any person for actions taken in accordance with the agreed injunction order while it was
in effect, even if the order is later withdrawn or dissolved.
SO ORDERED on August 7, 2009.
s/Robert L. Hinkle
United States District Judge

(1) The parties’ agreed preliminary injunction would also enjoin “potential ‘affected
persons’ under Fla. Stat. § 481.223(3)(a)&(b).” They cite no authority for enjoining
nonparties in addition to those listed in Federal Rule of Civil Procedure 65(d)(2). This
order tracks the rule. Except for this change, this order is the same as proposed by the
parties.

===============================================================

August 12, 2009 Posted by | Florida, Institute for Justice | , , , , , , , , , , , , , , , , | 3 Comments

Help for Victims of Florida’s Witch Hunt

Help for victims of Florida’s WITCH HUNT!

Interior Design Protection Council
Legal assistance!

Over the last year, many designers who live or provide services in Florida have contacted me for a legal recommendation to understand and defend against the Board of Architecture and Interior Design (BOAID) disciplinary actions (a.k.a. “the witch hunt”).  Regrettably, I did not personally know of an attorney who had expertise in regulatory proceedings and was unable to give a referral.

Well, I am delighted to tell you that is no longer the case!  I have been contact by a Florida attorney with many years of extensive experience in interior design regulatory laws and procedure.  She knows Statute 481 and the DBPR inside and out.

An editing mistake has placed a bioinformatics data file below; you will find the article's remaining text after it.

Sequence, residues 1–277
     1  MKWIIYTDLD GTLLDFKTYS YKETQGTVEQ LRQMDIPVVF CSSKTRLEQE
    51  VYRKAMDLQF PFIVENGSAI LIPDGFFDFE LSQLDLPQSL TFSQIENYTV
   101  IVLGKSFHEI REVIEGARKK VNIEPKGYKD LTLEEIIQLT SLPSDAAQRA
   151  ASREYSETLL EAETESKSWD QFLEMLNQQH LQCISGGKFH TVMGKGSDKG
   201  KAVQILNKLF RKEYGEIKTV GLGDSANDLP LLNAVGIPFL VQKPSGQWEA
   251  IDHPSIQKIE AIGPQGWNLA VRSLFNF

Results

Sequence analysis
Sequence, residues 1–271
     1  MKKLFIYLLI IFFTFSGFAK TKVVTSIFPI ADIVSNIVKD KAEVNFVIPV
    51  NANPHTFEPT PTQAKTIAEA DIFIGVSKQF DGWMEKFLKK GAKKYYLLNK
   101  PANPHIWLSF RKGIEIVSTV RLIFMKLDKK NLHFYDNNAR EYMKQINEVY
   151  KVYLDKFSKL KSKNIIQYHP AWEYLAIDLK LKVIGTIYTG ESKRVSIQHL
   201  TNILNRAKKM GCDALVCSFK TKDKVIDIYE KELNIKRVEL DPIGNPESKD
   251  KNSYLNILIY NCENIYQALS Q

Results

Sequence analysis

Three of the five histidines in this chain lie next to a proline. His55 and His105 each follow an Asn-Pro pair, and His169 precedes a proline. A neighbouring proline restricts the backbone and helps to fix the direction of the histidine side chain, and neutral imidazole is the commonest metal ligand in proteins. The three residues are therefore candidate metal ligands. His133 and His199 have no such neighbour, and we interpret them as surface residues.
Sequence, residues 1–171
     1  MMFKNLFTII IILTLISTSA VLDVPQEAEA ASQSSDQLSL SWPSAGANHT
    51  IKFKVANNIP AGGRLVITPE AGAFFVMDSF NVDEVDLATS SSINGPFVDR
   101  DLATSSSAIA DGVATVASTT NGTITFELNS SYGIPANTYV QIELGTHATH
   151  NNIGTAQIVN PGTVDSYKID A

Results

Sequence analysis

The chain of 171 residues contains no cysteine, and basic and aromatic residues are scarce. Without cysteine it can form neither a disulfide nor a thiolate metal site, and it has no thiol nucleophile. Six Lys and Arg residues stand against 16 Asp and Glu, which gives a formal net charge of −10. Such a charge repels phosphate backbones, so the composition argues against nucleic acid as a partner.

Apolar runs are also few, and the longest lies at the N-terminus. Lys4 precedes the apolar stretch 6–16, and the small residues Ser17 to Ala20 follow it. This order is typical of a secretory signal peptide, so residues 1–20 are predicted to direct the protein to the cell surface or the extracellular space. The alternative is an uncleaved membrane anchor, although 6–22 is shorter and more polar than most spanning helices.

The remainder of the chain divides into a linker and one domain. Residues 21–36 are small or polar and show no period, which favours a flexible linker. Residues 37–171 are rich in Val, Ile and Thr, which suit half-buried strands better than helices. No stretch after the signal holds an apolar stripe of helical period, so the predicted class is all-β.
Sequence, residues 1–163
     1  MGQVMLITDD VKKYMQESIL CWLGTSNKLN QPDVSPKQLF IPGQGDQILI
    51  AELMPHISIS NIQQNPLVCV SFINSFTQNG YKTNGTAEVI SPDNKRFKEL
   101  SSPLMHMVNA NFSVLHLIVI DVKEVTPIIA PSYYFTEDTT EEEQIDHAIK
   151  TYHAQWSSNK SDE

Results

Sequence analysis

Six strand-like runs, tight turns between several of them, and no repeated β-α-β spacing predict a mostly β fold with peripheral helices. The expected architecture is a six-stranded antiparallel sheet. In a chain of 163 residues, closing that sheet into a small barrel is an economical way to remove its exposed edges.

And she wants to help! She does not agree with the BOAID’s very broad interpretation of the statute.  She is offering representation to persons targeted by the BOAID on a cost-only basis and instead will seek legal fees via statute from BOAID (which really should be held liable for paying fees for defense of their unfair “enforcement” activities).

As you may be aware, most people accused of unlicensed interior design activity either resolve it by attending the “probable cause” hearings and signing an affidavit admitting guilt and accepting cease-and-desist orders, or they hold out until after an administrative complaint is filed and then settle, paying a fine of something less than the $5000 threatened by the Board, even though they do not agree than they have violated any laws.

We believe more harm than good may come from the accused attending these probable cause proceedings without expert, experienced legal representation.  First, the cease-and-desist orders that the board routinely issues in lieu of a finding of probable cause are not subject to dispute at a hearing through the Florida Administrative Procedures Act (see section 455.228, F.S.) and future “violation” of a C&D can lead to a heavier second penalty.  Although the designers who do not appear will most likely be issued an administrative complaint, the complaint certainly can be challenged. The BOAID would have to prove their accusations at an administrative hearing through clear and convincing evidence.   How many victims of this witch hunt “knowingly” violated the statute?  The BOAID ignores that crucial element.